The Story of Jacobson V United States: Catching Criminals or Creating Crime?
Gabriel "Jack" Chin
University of California, Davis - School of Law
November 1, 2012
CRIMINAL LAW STORIES, Robert Weisberg, ed., Foundation Press, Forthcoming
Arizona Legal Studies Discussion Paper No. 06-12
This book chapter, an entry in the forthcoming Criminal Law Stories, gives the background and impact of Jacobson v. United States, 503 U.S. 540 (1992), a landmark case in the revitalization of the entrapment defense. In Jacobson, the Supreme Court found that the defense of entrapment was available as a matter of law, even though the defendant had been convicted by a jury of the unsavory offense of receiving child pornography. 5 to 4, the Court was persuaded that the 26-month-long sting operation, which involved numerous mailings and letters, persuaded a person who had never before purchased unlawful child pornography do do so. Accordingly, Jacobson was not criminally liable. Jacobson has had a substantial impact. The decision provided the basis for juries to acquit based on overaggressive police tactics, and for judges - including those with hard-nosed reputations like Richard Posner and Alex Kosinski - to reverse when juries convicted where the evidence showed police encouragement overcame a defendant's initial reluctance to commit an offense. In addition, some scholars have claimed that Jacobson is the first supreme court majority opinion which expressed the slightest empathy for any homosexual.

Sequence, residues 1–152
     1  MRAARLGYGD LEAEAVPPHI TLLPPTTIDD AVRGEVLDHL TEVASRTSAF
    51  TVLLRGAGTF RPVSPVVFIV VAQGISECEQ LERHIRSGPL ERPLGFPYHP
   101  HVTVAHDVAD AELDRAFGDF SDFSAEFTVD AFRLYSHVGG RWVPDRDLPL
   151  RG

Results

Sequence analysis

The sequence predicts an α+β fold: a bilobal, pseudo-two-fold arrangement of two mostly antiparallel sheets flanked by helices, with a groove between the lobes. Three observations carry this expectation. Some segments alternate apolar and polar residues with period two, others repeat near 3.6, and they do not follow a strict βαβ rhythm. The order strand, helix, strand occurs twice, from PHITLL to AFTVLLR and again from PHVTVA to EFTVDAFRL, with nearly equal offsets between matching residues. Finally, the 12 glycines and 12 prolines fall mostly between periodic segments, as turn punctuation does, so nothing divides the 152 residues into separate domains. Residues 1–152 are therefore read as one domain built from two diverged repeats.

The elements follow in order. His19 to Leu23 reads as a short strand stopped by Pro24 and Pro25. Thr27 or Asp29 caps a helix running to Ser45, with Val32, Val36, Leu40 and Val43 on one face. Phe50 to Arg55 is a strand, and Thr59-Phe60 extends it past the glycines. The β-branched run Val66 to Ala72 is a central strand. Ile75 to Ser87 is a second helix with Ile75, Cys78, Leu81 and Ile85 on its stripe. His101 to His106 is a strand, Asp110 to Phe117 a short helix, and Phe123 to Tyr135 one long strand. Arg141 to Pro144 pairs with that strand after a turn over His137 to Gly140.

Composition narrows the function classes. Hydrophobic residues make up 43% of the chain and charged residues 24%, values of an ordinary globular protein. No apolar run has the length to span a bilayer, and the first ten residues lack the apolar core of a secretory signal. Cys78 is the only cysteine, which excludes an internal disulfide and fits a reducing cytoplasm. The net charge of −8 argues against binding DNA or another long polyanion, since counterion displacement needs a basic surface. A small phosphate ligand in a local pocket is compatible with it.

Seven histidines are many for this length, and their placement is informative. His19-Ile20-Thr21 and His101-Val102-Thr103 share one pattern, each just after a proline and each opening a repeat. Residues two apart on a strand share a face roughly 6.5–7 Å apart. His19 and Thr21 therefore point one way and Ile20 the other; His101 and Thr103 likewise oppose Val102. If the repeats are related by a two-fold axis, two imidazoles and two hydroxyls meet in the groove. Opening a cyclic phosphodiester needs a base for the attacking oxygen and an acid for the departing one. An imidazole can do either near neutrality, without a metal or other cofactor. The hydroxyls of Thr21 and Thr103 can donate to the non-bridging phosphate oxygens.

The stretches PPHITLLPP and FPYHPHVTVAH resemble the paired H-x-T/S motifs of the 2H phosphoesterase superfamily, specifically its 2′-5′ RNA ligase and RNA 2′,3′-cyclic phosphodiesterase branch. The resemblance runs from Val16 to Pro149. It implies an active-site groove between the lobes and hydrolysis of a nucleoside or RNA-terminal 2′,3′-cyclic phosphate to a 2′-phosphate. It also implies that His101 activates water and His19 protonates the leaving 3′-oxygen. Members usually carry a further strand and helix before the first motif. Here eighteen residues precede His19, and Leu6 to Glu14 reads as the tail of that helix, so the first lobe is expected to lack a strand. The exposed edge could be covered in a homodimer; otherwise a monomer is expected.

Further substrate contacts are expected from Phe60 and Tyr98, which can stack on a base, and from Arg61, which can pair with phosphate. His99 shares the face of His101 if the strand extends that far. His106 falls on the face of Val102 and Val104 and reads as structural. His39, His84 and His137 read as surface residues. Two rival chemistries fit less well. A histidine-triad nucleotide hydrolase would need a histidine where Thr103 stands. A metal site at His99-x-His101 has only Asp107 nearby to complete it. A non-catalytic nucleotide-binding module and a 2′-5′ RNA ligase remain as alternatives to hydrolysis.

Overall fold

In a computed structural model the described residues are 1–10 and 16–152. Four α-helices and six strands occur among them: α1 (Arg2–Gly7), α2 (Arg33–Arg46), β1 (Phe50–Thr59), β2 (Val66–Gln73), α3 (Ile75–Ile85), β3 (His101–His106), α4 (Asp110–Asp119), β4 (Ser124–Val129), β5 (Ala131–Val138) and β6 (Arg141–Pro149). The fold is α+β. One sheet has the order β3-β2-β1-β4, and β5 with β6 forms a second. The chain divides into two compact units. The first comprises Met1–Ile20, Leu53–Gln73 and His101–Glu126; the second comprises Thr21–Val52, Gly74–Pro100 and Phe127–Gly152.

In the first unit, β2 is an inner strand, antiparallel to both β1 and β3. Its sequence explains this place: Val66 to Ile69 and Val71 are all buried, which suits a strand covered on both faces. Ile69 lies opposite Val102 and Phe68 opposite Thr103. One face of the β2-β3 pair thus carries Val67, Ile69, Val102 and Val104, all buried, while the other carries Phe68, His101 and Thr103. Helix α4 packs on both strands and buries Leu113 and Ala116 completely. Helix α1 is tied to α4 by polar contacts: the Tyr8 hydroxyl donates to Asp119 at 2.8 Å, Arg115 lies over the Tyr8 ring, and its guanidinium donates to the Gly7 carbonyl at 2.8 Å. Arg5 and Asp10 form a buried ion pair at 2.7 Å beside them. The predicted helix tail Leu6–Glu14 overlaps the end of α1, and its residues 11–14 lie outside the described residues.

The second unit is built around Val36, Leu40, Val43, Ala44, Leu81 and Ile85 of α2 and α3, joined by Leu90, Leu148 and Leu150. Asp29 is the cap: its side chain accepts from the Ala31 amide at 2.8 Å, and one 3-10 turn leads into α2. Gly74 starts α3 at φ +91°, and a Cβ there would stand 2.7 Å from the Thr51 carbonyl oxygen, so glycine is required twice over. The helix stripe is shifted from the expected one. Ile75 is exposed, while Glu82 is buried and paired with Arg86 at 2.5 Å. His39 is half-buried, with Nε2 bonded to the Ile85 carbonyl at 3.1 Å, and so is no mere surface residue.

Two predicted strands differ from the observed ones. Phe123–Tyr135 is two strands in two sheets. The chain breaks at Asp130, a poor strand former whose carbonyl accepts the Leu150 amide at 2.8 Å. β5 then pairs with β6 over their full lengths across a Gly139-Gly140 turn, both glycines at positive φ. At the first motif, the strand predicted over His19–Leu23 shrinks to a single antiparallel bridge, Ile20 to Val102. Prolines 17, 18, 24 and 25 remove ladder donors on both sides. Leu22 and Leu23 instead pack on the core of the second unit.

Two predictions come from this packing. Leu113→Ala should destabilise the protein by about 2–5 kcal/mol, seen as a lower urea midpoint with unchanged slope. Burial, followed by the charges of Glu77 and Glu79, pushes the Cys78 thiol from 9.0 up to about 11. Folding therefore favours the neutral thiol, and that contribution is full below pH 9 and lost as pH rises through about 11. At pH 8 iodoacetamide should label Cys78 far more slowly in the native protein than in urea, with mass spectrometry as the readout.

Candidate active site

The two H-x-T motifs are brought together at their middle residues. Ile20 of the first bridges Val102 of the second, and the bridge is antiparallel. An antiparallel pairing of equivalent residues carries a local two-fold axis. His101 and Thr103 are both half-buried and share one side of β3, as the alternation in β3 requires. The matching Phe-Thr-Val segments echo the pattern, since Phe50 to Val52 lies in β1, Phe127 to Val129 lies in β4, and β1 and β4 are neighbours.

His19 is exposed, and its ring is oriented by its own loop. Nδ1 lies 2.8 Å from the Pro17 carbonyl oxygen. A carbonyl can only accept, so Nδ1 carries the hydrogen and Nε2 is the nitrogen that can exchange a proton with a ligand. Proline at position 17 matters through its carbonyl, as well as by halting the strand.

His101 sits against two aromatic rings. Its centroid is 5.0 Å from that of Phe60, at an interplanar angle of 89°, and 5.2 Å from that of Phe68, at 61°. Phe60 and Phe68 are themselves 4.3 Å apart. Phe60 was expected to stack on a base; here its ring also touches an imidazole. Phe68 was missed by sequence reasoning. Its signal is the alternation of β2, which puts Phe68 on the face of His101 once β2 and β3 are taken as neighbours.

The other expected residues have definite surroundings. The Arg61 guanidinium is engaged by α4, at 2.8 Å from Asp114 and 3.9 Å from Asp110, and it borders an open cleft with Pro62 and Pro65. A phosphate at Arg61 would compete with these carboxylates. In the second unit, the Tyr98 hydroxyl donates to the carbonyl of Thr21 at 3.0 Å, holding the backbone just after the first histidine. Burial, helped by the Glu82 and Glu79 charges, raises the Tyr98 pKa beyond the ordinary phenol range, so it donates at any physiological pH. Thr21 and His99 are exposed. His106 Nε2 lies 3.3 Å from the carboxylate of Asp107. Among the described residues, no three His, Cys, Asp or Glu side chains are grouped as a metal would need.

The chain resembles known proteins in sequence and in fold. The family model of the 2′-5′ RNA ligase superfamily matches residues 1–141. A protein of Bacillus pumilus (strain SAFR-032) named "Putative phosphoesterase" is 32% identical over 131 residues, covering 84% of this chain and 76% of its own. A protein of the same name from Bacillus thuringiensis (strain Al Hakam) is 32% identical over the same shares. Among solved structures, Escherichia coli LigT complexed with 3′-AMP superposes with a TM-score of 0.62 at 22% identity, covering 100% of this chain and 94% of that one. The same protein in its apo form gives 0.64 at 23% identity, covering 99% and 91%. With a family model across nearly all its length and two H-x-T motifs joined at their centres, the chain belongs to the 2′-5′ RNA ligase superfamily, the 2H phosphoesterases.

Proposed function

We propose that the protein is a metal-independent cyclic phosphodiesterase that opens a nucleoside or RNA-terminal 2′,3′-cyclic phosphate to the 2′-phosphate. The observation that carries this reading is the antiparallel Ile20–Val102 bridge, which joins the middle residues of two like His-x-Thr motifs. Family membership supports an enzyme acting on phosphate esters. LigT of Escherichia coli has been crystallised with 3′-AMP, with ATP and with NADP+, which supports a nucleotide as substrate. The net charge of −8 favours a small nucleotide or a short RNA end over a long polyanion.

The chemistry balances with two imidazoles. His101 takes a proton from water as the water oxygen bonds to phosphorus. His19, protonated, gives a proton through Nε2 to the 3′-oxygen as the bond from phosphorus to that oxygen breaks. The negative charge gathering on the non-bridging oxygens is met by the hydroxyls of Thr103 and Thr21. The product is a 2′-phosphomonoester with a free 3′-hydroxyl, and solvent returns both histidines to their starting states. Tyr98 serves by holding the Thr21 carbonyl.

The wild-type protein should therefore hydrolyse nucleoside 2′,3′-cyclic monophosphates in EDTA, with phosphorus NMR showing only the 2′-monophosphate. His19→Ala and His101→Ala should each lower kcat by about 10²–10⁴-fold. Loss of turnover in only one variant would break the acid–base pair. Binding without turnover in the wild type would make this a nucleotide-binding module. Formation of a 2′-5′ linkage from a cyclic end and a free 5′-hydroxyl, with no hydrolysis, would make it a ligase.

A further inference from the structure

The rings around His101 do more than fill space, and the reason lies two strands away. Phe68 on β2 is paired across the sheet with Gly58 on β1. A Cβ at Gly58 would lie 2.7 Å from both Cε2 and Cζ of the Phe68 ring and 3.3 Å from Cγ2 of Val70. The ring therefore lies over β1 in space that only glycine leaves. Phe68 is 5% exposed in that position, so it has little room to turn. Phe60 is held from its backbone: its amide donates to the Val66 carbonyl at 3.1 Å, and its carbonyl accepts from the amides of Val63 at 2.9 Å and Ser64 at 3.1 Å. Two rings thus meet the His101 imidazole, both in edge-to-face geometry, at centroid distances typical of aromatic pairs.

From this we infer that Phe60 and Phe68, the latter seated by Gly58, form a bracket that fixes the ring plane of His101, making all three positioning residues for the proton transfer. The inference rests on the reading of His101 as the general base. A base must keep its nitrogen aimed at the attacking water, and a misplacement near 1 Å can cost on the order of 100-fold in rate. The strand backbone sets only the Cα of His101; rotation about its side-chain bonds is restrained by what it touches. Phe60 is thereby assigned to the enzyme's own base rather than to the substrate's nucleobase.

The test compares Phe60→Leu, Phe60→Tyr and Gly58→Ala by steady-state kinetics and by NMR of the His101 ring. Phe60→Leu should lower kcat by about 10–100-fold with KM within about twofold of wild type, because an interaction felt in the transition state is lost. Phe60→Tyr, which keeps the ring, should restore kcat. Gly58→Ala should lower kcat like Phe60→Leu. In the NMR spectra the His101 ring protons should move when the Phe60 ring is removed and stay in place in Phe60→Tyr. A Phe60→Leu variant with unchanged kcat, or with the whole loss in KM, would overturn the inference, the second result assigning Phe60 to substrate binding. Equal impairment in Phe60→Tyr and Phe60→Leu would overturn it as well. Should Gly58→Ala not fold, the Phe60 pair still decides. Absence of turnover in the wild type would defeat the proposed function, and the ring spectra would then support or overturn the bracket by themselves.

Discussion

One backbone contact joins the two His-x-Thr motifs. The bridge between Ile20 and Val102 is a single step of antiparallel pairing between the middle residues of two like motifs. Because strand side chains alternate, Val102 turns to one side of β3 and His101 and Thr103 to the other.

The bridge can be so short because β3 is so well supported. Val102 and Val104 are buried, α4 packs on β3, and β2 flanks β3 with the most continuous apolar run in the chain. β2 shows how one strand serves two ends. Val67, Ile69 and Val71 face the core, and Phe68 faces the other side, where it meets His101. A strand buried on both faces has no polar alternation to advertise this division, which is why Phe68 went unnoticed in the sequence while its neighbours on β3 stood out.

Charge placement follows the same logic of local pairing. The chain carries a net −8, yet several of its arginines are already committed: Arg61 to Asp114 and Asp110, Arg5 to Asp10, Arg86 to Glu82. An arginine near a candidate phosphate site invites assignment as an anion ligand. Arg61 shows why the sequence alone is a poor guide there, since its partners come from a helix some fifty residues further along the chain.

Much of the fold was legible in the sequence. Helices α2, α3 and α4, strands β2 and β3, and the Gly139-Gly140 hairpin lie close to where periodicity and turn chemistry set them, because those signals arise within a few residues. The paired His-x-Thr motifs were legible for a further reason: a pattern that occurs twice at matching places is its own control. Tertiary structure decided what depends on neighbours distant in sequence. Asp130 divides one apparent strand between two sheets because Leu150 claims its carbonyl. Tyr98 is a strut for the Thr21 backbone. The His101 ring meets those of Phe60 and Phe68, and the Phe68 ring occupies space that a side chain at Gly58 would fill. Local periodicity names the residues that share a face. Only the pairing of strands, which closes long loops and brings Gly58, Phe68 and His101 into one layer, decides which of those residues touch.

Number of Pages in PDF File: 30
Keywords: Entrapment, criminal law, defenses
JEL Classification: K41, K42
Date posted: May 20, 2005 ; Last revised: November 2, 2012